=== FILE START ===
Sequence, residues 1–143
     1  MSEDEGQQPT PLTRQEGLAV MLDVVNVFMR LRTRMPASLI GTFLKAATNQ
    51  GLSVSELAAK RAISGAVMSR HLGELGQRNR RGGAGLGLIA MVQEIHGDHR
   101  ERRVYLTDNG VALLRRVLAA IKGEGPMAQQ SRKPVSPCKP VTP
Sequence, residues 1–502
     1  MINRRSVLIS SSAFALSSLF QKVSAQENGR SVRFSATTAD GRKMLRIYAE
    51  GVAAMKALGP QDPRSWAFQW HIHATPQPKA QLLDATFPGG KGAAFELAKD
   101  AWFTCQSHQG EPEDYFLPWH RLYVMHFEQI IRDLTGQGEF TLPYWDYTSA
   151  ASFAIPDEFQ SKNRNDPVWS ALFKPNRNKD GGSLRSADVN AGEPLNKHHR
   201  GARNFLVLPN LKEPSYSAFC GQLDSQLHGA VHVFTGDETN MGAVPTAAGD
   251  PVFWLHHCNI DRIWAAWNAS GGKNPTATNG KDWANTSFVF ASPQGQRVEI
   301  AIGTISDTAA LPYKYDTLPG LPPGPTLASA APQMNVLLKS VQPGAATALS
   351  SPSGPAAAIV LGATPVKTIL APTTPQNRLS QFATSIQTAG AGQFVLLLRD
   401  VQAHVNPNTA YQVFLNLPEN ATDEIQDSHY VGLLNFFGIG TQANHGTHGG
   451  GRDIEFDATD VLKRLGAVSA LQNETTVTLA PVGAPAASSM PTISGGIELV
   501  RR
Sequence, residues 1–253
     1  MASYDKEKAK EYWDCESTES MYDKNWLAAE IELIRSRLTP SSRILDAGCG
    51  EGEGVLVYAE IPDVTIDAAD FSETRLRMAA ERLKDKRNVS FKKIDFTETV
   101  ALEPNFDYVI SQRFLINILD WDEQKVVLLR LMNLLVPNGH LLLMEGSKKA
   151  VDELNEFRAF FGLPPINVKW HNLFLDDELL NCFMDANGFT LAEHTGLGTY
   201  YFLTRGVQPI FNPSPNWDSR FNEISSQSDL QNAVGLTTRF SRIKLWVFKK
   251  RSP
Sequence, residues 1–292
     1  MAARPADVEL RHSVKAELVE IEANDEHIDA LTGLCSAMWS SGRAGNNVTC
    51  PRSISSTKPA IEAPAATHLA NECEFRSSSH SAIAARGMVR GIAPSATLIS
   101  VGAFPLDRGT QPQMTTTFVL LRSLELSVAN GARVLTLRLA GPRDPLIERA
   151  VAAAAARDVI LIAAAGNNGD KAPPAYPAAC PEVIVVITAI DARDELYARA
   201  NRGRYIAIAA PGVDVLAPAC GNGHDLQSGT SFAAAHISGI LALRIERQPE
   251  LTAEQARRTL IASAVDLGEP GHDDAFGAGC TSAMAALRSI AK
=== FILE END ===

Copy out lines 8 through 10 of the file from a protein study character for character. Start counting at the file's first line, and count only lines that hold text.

   101  AWFTCQSHQG EPEDYFLPWH RLYVMHFEQI IRDLTGQGEF TLPYWDYTSA
   151  ASFAIPDEFQ SKNRNDPVWS ALFKPNRNKD GGSLRSADVN AGEPLNKHHR
   201  GARNFLVLPN LKEPSYSAFC GQLDSQLHGA VHVFTGDETN MGAVPTAAGD